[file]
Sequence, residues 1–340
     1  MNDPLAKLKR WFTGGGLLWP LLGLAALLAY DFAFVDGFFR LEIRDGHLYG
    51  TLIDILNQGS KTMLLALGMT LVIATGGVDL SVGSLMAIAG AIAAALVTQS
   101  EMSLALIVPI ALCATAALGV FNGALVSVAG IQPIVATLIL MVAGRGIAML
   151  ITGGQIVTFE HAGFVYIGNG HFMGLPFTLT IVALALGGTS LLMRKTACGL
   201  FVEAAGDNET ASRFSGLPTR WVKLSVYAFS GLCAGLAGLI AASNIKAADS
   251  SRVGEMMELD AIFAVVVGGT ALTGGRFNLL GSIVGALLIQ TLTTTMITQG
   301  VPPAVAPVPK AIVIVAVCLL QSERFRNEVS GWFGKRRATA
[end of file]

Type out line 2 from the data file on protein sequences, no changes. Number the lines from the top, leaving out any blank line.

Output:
     1  MNDPLAKLKR WFTGGGLLWP LLGLAALLAY DFAFVDGFFR LEIRDGHLYG